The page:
Some advice for new professors I've always heard is to not really say anything during faculty meeting the first few years. This may seem a bit constraining but I think it's useful to think about how little of the department you really know. The history. When some seemingly simple issue is brought up it is the first time? Is it the 5th time in the last 3 years? You'd be surprised (or not) what academics can turn into years long grudge matches.
The other thing is that you probably don't really know anyone's work personality. Not if they seem nice or personable. But when it comes to dealings about your academic organization where are they on this chart:
Eventually you will figure this out.
I've probably told this story before. It's favorite of mine because it's not at all true. But captures a particular thing very well.
At one of my usual conferences I slipped out of a talk early for a quick restroom break. While walking in I run into a certain rising star I know. Fresh off his first year at Fancy Pants University and somehow already has more data than god. I say "how's it going" as he walks towards the bathroom exit with his laptop under his arm. "oh just taking a break to work on a grant or two".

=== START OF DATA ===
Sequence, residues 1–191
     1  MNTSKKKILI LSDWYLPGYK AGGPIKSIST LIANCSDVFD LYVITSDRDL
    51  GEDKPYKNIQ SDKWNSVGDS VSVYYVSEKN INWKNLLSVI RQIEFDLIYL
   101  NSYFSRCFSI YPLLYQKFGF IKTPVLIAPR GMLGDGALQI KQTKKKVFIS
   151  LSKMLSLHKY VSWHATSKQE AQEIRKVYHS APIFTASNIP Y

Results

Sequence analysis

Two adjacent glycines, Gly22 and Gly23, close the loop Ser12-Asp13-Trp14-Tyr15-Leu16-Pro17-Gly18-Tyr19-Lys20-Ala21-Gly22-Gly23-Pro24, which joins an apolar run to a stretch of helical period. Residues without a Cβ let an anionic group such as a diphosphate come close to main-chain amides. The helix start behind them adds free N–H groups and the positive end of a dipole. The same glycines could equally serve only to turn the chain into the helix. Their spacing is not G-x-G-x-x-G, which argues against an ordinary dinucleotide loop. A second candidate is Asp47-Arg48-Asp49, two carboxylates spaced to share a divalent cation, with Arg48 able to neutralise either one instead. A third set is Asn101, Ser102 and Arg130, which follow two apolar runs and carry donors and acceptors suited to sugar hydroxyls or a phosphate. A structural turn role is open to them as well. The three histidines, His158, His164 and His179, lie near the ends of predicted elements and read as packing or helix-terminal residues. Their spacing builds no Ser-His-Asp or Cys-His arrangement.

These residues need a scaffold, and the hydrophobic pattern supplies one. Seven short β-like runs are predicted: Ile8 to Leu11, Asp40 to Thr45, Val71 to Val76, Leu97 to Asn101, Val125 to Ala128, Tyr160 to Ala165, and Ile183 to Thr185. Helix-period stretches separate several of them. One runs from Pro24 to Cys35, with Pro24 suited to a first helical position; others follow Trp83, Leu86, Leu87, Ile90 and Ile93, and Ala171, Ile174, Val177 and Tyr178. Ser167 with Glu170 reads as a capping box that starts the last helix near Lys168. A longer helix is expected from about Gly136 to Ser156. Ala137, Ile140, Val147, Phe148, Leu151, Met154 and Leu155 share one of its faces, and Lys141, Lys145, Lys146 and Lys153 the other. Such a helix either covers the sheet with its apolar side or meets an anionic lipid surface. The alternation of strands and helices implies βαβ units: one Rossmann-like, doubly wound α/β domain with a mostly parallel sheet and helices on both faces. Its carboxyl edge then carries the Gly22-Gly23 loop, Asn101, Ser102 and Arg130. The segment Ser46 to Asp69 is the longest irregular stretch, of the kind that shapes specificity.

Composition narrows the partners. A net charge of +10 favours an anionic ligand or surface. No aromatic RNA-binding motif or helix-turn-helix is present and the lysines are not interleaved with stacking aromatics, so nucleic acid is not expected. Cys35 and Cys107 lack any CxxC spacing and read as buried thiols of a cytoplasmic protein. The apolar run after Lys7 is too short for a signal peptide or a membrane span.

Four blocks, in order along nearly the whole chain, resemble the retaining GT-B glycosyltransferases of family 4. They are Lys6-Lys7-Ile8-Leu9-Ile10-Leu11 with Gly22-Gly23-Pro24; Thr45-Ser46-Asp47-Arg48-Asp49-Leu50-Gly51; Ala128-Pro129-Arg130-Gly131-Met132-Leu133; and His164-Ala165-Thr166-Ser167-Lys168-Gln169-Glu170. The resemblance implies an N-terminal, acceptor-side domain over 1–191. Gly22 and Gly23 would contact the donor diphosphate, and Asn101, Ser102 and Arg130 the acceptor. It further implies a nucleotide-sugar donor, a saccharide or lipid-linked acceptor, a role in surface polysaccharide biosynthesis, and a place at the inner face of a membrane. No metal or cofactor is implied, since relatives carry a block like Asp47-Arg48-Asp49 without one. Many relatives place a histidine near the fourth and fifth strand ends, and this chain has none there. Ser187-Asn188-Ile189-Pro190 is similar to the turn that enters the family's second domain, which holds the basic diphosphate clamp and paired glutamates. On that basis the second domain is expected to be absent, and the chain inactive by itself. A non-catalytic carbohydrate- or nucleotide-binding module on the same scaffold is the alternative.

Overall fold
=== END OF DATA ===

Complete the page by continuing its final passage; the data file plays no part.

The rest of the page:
I'm sure that's not actually what happened. The exchange was near the men's restroom, not in it. Less funny. Either way if you don't know this guy personally you probably know someone like him. Every free moment is ruthlessly absorbed by perfectly efficient productivity. I don't think he's a work-aholic. He takes breaks, hangs out with his kids, goes on vacation. But when he is on, every 5 minuets between meetings is a chance to "run a few regressions" or "knock out a paper review". If I have 5 minutes between meetings suddenly I've spent 10 reading about flat-earth rap beef. Even when I manage to eschew the net I don't find myself particularly good at pivoting between tasks. I'm more of the tanker ship that takes 15 minutes to make a small adjustment.